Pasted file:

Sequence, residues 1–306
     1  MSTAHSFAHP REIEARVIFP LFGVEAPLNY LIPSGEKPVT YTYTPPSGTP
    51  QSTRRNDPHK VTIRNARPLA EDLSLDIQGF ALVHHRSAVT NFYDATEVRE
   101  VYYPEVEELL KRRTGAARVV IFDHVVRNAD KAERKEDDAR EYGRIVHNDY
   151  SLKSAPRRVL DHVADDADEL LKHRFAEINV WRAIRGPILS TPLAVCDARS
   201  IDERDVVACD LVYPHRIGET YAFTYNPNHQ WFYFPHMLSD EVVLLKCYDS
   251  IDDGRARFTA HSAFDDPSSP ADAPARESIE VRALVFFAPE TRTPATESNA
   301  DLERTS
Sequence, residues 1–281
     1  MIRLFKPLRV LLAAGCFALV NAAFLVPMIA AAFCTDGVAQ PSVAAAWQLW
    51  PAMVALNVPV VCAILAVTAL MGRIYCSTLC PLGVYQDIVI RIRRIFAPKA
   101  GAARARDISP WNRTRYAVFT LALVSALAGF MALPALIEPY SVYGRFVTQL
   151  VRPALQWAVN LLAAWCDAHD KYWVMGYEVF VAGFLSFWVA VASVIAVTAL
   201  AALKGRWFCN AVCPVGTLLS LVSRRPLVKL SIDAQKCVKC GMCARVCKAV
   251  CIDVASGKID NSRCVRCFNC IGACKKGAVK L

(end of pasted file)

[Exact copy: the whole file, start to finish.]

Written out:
Sequence, residues 1–306
     1  MSTAHSFAHP REIEARVIFP LFGVEAPLNY LIPSGEKPVT YTYTPPSGTP
    51  QSTRRNDPHK VTIRNARPLA EDLSLDIQGF ALVHHRSAVT NFYDATEVRE
   101  VYYPEVEELL KRRTGAARVV IFDHVVRNAD KAERKEDDAR EYGRIVHNDY
   151  SLKSAPRRVL DHVADDADEL LKHRFAEINV WRAIRGPILS TPLAVCDARS
   201  IDERDVVACD LVYPHRIGET YAFTYNPNHQ WFYFPHMLSD EVVLLKCYDS
   251  IDDGRARFTA HSAFDDPSSP ADAPARESIE VRALVFFAPE TRTPATESNA
   301  DLERTS
Sequence, residues 1–281
     1  MIRLFKPLRV LLAAGCFALV NAAFLVPMIA AAFCTDGVAQ PSVAAAWQLW
    51  PAMVALNVPV VCAILAVTAL MGRIYCSTLC PLGVYQDIVI RIRRIFAPKA
   101  GAARARDISP WNRTRYAVFT LALVSALAGF MALPALIEPY SVYGRFVTQL
   151  VRPALQWAVN LLAAWCDAHD KYWVMGYEVF VAGFLSFWVA VASVIAVTAL
   201  AALKGRWFCN AVCPVGTLLS LVSRRPLVKL SIDAQKCVKC GMCARVCKAV
   251  CIDVASGKID NSRCVRCFNC IGACKKGAVK L